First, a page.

Birds of America is supposed to be Mary McCarthy’s weakest novel, though it was her own favourite. Yet it is a fine book – a brilliant study of a clever, odd teenager growing into a man. And like all good books it seems to get better each time I read it.
The boy is Peter Levi, ‘a tall boy with a long nose and gaunt features’, but with his mother’s grey eyes, vaguely Jewish on his father’s side, even more vaguely Christian on his mother’s. During the first third of the novel he is living with his mother, Rosamund Brown, a musician, in a small North American town called Rocky Port, after the break-up of her second marriage to a man who teaches Physics at Berkeley. Her first husband, Peter’s father, known as the babbo, a refugee from Italy, teaches History at Wellesley. Peter loves Nature; his moral and spiritual guide is Kant, and he carries in his wallet a card on which he has written: ‘The Other is always an End: Thy Maxim.’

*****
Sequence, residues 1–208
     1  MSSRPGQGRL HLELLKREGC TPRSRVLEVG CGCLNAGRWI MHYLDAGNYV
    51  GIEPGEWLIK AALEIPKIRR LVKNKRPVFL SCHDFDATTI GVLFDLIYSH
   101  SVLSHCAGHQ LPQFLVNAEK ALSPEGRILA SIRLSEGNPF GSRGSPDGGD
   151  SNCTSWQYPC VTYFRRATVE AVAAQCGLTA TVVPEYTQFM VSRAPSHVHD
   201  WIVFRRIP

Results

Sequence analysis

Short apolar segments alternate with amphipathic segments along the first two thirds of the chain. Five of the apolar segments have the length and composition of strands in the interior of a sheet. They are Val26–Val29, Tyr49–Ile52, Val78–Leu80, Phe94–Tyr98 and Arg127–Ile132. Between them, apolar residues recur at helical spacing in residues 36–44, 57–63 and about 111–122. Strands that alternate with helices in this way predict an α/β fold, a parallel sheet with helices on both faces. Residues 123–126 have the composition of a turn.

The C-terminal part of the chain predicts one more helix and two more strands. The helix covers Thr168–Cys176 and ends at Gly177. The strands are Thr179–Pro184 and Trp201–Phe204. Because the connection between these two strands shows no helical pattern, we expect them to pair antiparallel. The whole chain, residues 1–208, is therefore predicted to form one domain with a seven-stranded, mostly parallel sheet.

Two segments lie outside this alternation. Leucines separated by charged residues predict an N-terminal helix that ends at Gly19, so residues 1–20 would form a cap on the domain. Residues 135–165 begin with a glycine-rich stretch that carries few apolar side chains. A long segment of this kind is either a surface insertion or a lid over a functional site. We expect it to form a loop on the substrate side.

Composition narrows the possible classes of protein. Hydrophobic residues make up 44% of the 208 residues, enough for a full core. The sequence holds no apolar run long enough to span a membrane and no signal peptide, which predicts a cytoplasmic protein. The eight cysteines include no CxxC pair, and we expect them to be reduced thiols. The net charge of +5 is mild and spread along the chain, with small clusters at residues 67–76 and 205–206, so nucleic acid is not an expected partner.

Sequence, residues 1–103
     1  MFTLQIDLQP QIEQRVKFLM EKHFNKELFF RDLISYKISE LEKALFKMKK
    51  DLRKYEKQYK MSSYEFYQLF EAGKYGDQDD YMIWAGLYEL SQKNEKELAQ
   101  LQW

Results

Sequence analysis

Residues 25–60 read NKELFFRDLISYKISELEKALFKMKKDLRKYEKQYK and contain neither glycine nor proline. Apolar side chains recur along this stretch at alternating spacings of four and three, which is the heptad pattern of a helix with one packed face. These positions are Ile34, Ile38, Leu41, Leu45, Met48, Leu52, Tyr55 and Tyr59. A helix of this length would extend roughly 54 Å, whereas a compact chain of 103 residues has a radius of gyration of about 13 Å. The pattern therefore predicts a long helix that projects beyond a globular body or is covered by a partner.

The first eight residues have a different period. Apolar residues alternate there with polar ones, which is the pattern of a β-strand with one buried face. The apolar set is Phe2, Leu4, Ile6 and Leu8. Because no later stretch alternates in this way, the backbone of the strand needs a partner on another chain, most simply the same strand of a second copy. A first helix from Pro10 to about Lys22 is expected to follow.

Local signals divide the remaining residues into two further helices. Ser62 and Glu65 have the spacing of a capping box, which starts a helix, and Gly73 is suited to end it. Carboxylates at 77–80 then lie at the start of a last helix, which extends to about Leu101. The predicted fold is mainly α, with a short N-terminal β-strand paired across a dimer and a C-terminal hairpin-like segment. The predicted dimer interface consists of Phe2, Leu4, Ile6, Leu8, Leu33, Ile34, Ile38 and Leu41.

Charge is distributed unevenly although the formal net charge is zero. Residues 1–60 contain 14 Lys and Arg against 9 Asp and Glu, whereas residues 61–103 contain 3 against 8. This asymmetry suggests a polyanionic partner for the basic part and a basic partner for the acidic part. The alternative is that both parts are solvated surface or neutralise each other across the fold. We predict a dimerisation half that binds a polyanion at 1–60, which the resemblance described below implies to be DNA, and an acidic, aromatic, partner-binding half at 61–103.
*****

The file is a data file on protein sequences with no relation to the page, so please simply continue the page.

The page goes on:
Rosamund Brown is – I have always assumed – a self-portrait of Mary McCarthy herself: ironic, fierce, brave, much married, mainly rational, a passionate purist as a cook, hating anything prefaced by ‘convenience’ (stores and food especially). I had assumed, therefore, that Peter Levi himself must be an affectionate portrait of the son, Reuel, whom she had with her second husband, Edmund Wilson. But it turns out that other models were youngsters she knew, one of whom told her, as a joke, that he took his potted geranium for a daily walk to give it some sunshine (he was thinking of Gérard de Nerval who tried to shock the bourgeoisie by taking his pet lobster for a walk on a lead). His joke was made into a characteristic of Peter Levi.
The first part of the novel ends when Peter and his mother are arrested for standing up to a policeman who is trying to make them put back a sign for tourists that the landlady wants on the front of their rented house; the argument escalates, and Rosamund
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